Blue Orchard Mason Bees
Santa Clara Valley Beekeepers Guild

Mason bees returning home

See Copyright notice and note below.

The Orchard Mason bee, Osmia lignaria, (a.k.a. Blue Mason Bee, Blue Orchard Mason bee, Mason bee) is a solitary bee - that is it lives and works alone. It does not produce honey but is a great pollinator. The drawback is that it has a short life span and by June they may all be gone.
As pollinators these bees are much better than honey bees. However, their range and life span are both much less than that of the honey bee. If you have fruit trees these bees may be your solution but are not the bee for a summer garden.

These bees are very different from the honey and bumble bees in that they live and propagate in holes in wood. Each female bee gathers pollen and nectar that is placed in a hole. They then lay an egg on this and build a mud wall to close that part of the hole off. This is repeated till the hole is filled when, after a short gap, a mud wall up to a quarter inch thick is placed to totally seal the hole. The next year the new bees will break down the walls and emerge to repeat the process. They have bee described as "solitary-gegarious" in that live and work along but like to have neighbors who they care little about. For this reason their home is refered to as a nest -- many bees in one place but they do not depend on each other.

Keeping these bees for pollination is as simple as providing them a place to nest - that is, a collection of 6 inch deep holes. Then after the season is over, store the nests for the winter and put them out the next year along with new nests.

On the web you can buy Mason bees ("bees in a can" in one case) and find considerable information on ways to keep these bees in your yard.

Links
These links are provided without direct knowledge of the companies and/or having done any business with a company represented by the web sites.

Crown Bees
Supplier of bees, nests, books and good general information.

Knox Cellars
Supplier of bees, nests, books and information. Brian Griffin founded this company and has one of the books on the bee. Look for the "bees in a can" product.

Ruhl Bee Supply
A supplier in Gladstone Oregon that offers bees and supplies..

Beediverse
A supplier in Canada that will sell bees in the U.S and offers a different nest style. Compare with Knox Cellars on methods of handling the cocoons over the winter.

Osmia.com
Supplies bees (some for California) and nests. Look at the pictures. Uses the "natural" nest using reeds.

Pollinator Paradise
Supplier of the "BinderBoard" nest but site has lots of good information on solitary bees and other bee things with links.

Washington State University
Information on the bee with links. Don't pass up the link to "WSU Extension King Co. Hort Fact Sheet #83 (PDF)" near the bottom.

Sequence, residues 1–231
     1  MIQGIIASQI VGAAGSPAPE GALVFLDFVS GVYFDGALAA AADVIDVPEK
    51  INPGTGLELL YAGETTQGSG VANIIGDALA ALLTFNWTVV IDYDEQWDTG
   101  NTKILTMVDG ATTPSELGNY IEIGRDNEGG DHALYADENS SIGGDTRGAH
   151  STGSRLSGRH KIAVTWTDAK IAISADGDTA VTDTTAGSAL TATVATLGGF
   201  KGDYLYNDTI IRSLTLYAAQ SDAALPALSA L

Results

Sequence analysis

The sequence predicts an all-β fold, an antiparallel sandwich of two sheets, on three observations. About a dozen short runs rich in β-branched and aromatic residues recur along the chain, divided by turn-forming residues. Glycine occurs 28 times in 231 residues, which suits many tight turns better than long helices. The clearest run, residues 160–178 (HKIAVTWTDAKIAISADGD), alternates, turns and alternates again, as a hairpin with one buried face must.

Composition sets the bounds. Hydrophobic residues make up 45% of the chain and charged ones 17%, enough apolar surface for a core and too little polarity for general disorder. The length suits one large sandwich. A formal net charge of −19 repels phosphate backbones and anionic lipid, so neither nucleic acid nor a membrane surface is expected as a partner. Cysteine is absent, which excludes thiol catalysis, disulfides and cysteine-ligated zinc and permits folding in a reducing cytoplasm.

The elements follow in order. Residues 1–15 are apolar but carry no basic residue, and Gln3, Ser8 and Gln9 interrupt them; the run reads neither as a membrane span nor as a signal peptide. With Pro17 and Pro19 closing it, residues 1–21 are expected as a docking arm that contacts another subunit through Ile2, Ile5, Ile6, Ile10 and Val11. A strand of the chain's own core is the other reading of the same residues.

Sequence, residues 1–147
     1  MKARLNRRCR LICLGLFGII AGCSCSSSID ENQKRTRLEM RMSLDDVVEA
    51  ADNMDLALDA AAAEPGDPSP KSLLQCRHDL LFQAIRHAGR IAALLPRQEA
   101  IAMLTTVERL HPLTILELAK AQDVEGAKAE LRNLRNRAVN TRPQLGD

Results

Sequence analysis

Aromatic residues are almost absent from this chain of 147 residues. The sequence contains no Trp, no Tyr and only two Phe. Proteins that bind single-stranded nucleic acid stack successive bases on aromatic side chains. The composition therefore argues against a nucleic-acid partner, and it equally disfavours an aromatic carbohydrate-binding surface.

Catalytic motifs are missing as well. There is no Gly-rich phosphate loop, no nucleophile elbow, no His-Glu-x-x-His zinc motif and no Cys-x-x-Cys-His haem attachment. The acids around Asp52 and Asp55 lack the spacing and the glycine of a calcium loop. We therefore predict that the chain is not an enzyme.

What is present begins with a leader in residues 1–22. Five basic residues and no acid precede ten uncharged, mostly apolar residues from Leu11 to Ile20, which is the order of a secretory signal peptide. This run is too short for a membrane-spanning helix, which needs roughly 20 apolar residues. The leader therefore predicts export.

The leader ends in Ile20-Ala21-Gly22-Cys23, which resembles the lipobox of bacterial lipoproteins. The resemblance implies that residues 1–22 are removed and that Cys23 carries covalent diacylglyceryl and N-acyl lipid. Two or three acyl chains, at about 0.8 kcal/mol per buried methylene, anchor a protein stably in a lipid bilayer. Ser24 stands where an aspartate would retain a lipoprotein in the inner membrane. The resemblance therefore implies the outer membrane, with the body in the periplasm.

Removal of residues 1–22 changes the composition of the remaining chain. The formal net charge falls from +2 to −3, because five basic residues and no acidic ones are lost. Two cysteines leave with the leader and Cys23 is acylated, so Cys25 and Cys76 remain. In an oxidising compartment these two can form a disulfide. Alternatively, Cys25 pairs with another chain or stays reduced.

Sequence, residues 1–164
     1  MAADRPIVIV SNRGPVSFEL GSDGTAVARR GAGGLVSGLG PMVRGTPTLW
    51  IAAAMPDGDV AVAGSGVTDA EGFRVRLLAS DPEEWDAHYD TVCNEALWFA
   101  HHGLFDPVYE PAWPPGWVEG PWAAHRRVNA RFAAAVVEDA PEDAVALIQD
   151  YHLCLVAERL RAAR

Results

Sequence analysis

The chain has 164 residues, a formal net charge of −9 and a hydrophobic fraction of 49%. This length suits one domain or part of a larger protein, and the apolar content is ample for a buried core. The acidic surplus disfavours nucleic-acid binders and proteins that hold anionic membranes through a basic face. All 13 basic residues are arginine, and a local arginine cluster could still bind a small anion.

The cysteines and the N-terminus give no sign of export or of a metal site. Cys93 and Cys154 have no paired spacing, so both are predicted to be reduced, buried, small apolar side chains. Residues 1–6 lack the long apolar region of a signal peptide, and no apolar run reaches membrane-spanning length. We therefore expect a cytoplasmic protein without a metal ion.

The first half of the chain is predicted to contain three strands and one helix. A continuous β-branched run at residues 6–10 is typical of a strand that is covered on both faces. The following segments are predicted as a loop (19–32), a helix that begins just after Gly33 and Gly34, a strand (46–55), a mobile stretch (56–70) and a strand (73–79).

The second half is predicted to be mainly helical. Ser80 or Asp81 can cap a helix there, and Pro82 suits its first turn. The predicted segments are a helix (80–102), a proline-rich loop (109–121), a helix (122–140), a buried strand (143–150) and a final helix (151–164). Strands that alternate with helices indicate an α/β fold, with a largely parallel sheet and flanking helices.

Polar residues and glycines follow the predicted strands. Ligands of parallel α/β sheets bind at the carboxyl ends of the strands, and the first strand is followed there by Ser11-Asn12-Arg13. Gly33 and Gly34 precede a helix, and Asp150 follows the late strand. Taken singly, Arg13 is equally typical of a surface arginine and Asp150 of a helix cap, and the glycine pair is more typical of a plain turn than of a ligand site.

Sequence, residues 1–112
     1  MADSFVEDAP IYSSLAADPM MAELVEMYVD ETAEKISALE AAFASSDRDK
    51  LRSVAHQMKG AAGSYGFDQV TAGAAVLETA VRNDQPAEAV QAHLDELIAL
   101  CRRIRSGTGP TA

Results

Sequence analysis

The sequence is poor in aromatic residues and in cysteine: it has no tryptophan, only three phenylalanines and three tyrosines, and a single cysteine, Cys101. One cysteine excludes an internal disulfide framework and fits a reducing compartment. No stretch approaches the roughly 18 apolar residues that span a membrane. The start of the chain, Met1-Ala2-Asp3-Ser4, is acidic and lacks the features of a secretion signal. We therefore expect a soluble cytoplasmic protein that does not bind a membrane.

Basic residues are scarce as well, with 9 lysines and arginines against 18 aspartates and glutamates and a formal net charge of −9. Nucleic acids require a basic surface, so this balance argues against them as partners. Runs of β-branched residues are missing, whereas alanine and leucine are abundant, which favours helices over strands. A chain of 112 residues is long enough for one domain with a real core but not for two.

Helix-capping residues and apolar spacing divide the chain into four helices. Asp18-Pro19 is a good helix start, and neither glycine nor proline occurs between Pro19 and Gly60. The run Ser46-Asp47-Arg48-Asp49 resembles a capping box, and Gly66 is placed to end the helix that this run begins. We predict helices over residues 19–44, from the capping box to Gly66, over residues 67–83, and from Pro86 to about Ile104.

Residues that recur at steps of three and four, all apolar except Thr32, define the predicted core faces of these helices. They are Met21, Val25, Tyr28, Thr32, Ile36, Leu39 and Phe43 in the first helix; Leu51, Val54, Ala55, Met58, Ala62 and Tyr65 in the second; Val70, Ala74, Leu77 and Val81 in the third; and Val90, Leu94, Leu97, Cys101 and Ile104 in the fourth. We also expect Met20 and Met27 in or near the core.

Bee Biology and Systematics Laboratory
Located at Utah State University you can follow their "mission" link to see why they know a lot about solitary bees. You must look at the link under "How To" on building a nesting block if you don't want to buy one.

Books
There are three books that one should consider before ordering bees. All are available online from several sources. Note that due to the differences in methods of Griffen and Dogterom one would do well to obtain both of these books when starting..

The Orchard Mason Bee
   
by Brian Griffin
This is "the book" from Knox Cellars and tells you most of what you will want to know about the Orchard Mason bee.

Pollination with Mason Bees
   by Dr. Margriet Dogterom
This is "the book" from Beedivese and explains their methods with cocoons. Maybe not as complete as Griffin's book but expands on the subject (sometimes in rather odd wording).

How to Manage the Blue Orchard Bee As an Orchard Pollinator: ...
   by Jordi Bosch & William Kemp
Not read as yet so cannot comment on content. However, some reviews point out that it is more for the farmer. If you check it out let us know what you think. The authors are from the Utah bee laboratory.

Mason Bees for the Backyard Gardener
   by Sherian A. Wright
New book (2010) so have not read it so cannot comment on content. Several reviews give it high marks.


Picture Note
This picture of two Mason bees returning home is from the web site pollinator.com. Copyright © 2001, by David L. Green and used by permission.

The yellow color of the bee on the left is pollen that is being carried to the nest.. The Mason bee carries pollen in their scopa (stiff hairs) so it appears to cover the body. Honey bees have "pollen baskets" on their rear legs for transporting pollen, and it is this difference that makes mason bees a better pollinator. As the load of gathered pollen increases in the scopa more is exposed and loosely attached, so it becomes very likely that some will be left behind. In the honey bee most of the gathered pollen is wet and packed in the baskets leaving only smaller amounts on the body for pollination.

 

Santa Clara Valley Beekeepers Guild
October 23, 2010